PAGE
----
With beautiful music in the backround for mood, I sliced the tomatoes to perfect equal thickness, salted and drained them on paper towels. I prepared the cheeses, the basil..the filling… and blended them to  smooth perfection as well in the nutribullet. Laid the tomatoes in the pie dish, layered with the filling, topped with the rest of the sliced tomatoes, sprinkled with olive oil and parmesan, placed it in the pre-heated oven and then.

And then, after about 10 minutes, I realized with dismay, that I had not lined the pan with THE PIE CRUST FIRST!  In fact, the pie crust was not even un-rolled.

What’s a cook/chef/kitchen witch to do??? Certainly can’t take it apart and start all over, can’t toss. Well, the only solution was to un-roll the crust, line another pie pan and bake that separately on the oven shelf under the tomatoes.

At the end of this kitchen time…we had one pie plate of browned baked tomatoes and cheese filling, and one separate plate of crust. This one was NOT a winner visually after cooling the crust, breaking it into pieces into a serving dish and spooning the tomato/basil and cheese mixture on top. And it was really not a show-off candidate to impress you on my Sensuous Soups and Suppers blog here.

But… it still was delicious and offered me more than a few dishes for lunch over the course of the week…and yes, the flavors were nevertheless, sensuous and satisfying.

This recipe comes from a wonderful book that was found on sale at JOB LOT for $2.99 years ago…one of those amazing “steal deals” that appear once in a while for an alert shopper. I bought perhaps five copies extra to give away for gifts. Perhaps you can find it still on Amazon or ebay. The book is: Smith and Hawkin “Gardener’s Community Cookbook” ,  compiled and written by Victoria Wise.

The recipe will be posted shortly in the next day or so…check in again for “Tomato, Basil and Cheese Pie”.  (A tease. I’d love for you to come back to my blog).


Ribolitta! Tuscan Bread Soup (Fare for Peasants AND Kings)



A couple of days before Christmas, a friend lent me a wonderful book ” The Wisdom of Tuscany: Simplicity, Security and the Good Life-Making the Tuscan Lifestyle Your Own” by Ferenc Mate’.

Often conversations with friends these days include  laments about the state of our U.S. economy, the fast-paced frantic lifestyles that have often destroyed the community, conversation and lingering celebration around the family dinner table, if it even exists anymore. We lament that even at tables in the home and in restaurants, while waiting for food to be served or orders taken, cell phones and hand-held gaming devices have supplanted the open waiting time that used to be a lovely opportunity for conversation, sharing, and EYE-CONTACT with companions.

It is for this reason, following such several talks with friends on this topic, that I received, read, and relished this wonderful book of another way to live, to savor life and to go about relationships with people, the land, and food based on a whole other set of values that seem to have dissolved here in mainstream commercial, materialistic, consumeristic America.

TuscanyThe book, like others of similar genre, includes recipes native to that culture. And what a celebration they are. Italians are passionate people. And so is their cooking. As close to nature, fresh, whole and un-adulterated as possible. The burgeoning grass-roots movement here amongst those who are choosing to live more gently and more enthusiastically on the planet, is now witnessed by the growing and vociferous awareness of poisonous and deadening practices of mass industrial farming practices. As a result, many of us have been forever or starting to support local farms, farmers markets, artisan bread and cheesmakers, grass-fed beef and small well-maintained and humane poultry producers and it is good for us to do so, not only for our health, but for passion, celebration and our spiritual/psychological selves as well. And for those of us who can, growing our own food is the best of all!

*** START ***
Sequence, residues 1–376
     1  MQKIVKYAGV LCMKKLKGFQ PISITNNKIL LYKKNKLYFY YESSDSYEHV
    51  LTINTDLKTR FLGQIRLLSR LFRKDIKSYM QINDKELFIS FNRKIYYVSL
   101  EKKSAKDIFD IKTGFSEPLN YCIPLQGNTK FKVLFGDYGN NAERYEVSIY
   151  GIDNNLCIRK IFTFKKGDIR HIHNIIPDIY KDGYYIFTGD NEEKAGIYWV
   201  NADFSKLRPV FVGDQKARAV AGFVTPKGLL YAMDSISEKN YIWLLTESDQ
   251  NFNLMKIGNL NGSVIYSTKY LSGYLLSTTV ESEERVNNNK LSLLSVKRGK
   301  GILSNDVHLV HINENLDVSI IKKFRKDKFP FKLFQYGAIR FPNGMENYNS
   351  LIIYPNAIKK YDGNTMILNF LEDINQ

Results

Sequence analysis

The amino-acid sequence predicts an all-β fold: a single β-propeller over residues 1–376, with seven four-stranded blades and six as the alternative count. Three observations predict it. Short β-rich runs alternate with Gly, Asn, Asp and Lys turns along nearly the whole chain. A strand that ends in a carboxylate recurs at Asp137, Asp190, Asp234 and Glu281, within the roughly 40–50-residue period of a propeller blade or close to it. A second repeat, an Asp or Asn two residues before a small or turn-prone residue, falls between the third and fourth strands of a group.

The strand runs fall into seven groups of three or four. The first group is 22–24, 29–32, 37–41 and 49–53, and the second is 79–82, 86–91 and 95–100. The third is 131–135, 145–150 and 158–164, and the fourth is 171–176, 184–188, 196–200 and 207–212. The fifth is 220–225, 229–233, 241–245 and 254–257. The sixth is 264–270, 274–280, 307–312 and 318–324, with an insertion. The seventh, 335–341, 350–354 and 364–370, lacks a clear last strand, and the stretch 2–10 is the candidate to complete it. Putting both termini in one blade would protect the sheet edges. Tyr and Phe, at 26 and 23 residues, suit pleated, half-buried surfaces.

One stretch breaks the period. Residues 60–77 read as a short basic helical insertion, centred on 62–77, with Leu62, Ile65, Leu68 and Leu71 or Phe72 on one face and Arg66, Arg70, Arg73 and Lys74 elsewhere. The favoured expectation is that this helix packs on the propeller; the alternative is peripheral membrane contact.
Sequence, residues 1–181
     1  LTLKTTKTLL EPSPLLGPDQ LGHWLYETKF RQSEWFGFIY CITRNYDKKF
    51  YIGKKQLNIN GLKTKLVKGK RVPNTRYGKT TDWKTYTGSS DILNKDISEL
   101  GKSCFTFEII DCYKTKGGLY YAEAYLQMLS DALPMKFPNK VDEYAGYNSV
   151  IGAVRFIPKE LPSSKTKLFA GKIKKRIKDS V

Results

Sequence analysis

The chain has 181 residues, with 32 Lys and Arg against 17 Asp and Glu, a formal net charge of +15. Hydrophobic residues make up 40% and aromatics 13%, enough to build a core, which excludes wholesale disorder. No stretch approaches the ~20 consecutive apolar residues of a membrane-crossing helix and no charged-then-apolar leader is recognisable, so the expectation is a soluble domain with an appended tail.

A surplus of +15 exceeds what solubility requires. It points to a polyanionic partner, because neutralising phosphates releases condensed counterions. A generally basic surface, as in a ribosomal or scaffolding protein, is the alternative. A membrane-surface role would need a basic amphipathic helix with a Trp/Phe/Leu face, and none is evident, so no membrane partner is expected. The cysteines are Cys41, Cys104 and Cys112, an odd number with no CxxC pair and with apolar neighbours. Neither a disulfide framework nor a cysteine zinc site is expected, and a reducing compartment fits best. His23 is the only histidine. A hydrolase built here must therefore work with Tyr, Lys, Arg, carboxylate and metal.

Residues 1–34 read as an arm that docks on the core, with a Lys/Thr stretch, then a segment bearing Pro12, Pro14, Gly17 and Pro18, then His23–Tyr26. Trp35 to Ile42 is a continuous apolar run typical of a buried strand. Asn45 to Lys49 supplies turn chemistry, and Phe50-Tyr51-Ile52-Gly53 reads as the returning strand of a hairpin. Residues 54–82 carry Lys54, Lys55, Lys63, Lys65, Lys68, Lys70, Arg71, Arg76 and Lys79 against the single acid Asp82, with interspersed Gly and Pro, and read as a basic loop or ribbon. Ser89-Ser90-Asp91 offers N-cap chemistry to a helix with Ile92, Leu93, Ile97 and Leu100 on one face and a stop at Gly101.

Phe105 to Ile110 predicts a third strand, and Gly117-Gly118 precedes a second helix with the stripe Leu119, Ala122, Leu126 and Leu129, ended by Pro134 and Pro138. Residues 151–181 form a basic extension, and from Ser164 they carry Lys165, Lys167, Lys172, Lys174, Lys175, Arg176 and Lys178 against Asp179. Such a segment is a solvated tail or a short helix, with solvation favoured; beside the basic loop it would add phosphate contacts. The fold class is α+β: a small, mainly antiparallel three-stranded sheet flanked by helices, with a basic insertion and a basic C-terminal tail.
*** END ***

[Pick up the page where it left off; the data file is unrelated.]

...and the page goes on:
It is good to live simply and it is possible to live with sensuality and celebration as well. This is why I love this book, and I highly recommend it, both for its memoir, its stories and its simple recipes of good WHOLE food fit for Peasants and Kings alike.

I chose to make a Ribolitta..Tuscan Bread Soup. Over the years I have been given a number of recipes for this but never made it. Yesterday was THE day since I am homebound recouperating from a winter cold and virus. What I needed was a soup for nourishment and healing…and reading this book inspired me to put a peasant pot of culinary richness together for well-being and delight. This recipe is a composite of traditional recipes and using what what was in my own fridge and cupboard. I invite you to follow the basics, and create your own soup with what you have on hand! And that is the way it is in Tuscany…use what is available at any moment, and the way it is in my own kitchen as well.


Olive Oil ~ a large can of whole tomatoes smashed in their own juice (not in puree) ~ 1 (15.5 oz)can of canellini or chick peas, drained and rinsed ~ 1/2 cup diced carrots ~ 1/2 cup diced celery ~ 2-3 cloves garlic chopped (I get my garlic from a friend’s garden), 1/2 vidalia onion diced, 1 small zucchini diced ~ 2 small red potatoes peeled and diced ~ four large leaves of swiss chard torn or cut into short ribbons ~ 1/2 cabbage sliced/chopped ~1 Italian mild sausage, cooked separately and chopped ~1 32-oz package/can of chicken broth/stock (organic if possible) ~ diced fresh mozzarella or queso blanco ~ grated parmesan ~ dried basil, parsley and marjoram unless fresh is available ~ a nice artisan Italian bread with crust, cut into cubes.